A perennial hobby horse of mine is that Françoise Mouly doesn’t get enough public credit for being one of the key postwar figures in graphic fiction and comics; she’s heavily responsible for the introduction to America of numerous international artists in the 1970s and 1980s, as well as for physically printing and distributing the brilliant and influential Raw magazine. She’s best known now for her design, and for being art editor at The New Yorker, but she did produce one short single-page, seventeen-panel comic, Industry News and Review No6, which depicts a frustrated printer, barely visible in the margins of the images of the printing plant, wondering if she will ever be able to focus on her own art. At the climax of the page, the art she has been working on is revealed to be the cover of issue 6 of Industry News and Review, which has been drawn from the images of her life we’ve seen previously, and which forms a semi-closed metatextual loop from which her art emerges. It’s such a brilliant conceit, and I think it’s the only comic to which she ever put her own name.
In Raw Issue 1, 1980. Available to view here
This was a very important and formative story for me in my middle teenage years, and I came to it via an episode of The South Bank Show that was dedicated to Self and his writing. The conceit of the story – that when someone dies they just go to live, undead, in another part of London – was the first time that I’d encountered nominally realist fiction that deliberately bent the boundaries of reality – not magical realism, but a kind of grubby and recognisably British weirdness. It was one of those moments where you say ‘I didn’t know you could do that!’ and your world shifts slightly in what seems possible. After that, the short fiction I’d been writing started to change, and in many ways this laid the early groundwork for the kind of writing I’m doing now. If I’d been older, I might have encountered Angela Carter or J.G. Ballard or Alasdair Gray first, but it was this story that opened up that tradition for me, and through that door there was Borges, Lispector and all that other glorious crew.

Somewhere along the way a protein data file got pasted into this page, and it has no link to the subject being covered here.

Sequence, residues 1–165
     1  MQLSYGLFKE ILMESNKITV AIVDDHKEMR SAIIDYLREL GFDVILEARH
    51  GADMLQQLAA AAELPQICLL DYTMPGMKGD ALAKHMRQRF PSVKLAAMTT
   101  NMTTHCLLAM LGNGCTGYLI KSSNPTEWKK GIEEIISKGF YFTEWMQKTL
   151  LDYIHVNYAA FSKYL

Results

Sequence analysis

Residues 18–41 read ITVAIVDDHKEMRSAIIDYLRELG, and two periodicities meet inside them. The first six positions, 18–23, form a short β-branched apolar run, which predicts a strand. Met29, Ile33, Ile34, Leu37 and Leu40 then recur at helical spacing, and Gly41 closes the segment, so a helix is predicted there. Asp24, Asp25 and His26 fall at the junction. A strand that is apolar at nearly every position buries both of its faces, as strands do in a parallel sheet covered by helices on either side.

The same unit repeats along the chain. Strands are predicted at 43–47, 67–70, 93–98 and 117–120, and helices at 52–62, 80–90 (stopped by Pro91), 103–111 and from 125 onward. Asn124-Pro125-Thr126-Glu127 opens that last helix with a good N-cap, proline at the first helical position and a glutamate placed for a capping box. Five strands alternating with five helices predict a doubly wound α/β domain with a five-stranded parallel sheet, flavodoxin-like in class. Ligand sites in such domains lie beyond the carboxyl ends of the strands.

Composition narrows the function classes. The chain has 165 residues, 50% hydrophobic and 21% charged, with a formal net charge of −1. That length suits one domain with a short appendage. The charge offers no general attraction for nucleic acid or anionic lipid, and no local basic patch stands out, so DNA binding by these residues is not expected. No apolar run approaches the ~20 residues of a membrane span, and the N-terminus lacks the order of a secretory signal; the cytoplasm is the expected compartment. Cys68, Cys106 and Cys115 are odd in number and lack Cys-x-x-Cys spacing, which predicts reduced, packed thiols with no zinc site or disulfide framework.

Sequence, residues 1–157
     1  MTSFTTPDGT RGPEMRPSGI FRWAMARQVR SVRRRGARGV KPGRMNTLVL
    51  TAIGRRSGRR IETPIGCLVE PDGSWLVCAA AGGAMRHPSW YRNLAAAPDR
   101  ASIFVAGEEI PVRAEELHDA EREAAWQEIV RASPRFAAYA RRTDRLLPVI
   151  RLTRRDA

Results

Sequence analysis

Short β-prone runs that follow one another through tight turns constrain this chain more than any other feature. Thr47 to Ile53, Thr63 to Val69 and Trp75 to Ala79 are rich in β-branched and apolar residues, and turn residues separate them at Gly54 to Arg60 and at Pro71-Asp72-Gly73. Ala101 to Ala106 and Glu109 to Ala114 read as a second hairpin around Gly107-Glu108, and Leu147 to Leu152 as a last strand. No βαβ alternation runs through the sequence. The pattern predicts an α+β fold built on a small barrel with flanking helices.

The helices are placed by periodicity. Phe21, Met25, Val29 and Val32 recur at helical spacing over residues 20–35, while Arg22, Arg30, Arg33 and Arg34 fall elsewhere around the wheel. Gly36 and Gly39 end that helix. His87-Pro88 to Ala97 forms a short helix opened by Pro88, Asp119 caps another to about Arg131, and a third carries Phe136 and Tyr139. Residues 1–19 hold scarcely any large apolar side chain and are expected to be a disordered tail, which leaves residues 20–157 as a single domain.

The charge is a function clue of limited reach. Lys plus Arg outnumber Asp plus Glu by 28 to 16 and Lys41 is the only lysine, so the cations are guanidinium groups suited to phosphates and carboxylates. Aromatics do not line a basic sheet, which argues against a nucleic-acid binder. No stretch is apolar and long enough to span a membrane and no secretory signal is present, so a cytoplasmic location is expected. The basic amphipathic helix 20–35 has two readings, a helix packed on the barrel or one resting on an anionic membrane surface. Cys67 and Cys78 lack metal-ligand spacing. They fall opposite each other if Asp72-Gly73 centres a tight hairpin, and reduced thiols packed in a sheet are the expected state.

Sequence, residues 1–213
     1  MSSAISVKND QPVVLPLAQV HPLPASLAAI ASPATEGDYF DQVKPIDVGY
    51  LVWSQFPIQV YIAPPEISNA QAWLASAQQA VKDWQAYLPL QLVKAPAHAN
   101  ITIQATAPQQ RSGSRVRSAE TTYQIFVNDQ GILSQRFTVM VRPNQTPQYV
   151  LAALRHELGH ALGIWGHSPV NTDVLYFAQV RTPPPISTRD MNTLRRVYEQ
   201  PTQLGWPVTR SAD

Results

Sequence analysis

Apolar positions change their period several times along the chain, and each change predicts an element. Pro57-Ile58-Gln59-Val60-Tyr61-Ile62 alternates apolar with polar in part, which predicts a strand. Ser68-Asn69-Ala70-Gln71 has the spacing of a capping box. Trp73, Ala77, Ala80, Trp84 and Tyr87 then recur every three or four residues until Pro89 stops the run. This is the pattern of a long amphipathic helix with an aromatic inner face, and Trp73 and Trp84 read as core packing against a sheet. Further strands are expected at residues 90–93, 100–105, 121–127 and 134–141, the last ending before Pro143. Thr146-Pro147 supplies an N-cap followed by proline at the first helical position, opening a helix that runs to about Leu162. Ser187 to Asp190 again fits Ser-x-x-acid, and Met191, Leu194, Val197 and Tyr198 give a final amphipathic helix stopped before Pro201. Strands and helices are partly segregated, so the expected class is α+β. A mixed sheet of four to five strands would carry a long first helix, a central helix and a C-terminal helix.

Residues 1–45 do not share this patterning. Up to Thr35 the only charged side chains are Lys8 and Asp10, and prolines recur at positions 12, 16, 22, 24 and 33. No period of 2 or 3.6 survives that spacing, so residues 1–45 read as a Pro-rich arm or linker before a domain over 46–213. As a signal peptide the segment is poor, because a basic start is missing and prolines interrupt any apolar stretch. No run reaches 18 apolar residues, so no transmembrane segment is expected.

First published in The Quantity Theory of Insanity, Bloomsbury, 1991
I’m cheating a little here, as it’s a song. But I include it because not only is it structured like a short story and takes as long to listen to as it does to read a short story, but also because I was present at one of its earliest public performances. There were maybe 300 of us in a field behind Baskerville Hall, and a tiny stage. She began her set by saying ‘I’m going to play mostly new material tonight’, a phrase which usually elicits gasps of horror from an audience, and then she began to play this song, solo.
And there was a booming above you
That night, black airplanes flew over the sea
And they were lowing and shifting like
Beached whales; Shelled snails
As you strained and you squinted to see
The retreat of their hairless and blind cavalry
It lasted for nearly twenty minutes, and no one in the audience had heard it before, so we had the privilege of experiencing it together. At times, singing and playing, she seemed close to tears, at others almost laughing in sheer joy. No-one could quite believe what they were hearing. When the song finished, there were five full seconds of silence before the crowd erupted. It made me retrospectively realise that the conditions for experiencing new art are rarely collective and public; there’s usually some medium that pre-empts it, or it’s a private moment, in a reading chair or in the dark of a theatre or cinema. But it is different to undergo what you might call a joint epiphany, to catch the eyes of people around you and exchange a look of disbelief at what you’re all going through. It remains one of the great art experiences of my life.
Performed live at Green Man Festival, August 2005. Available to watch here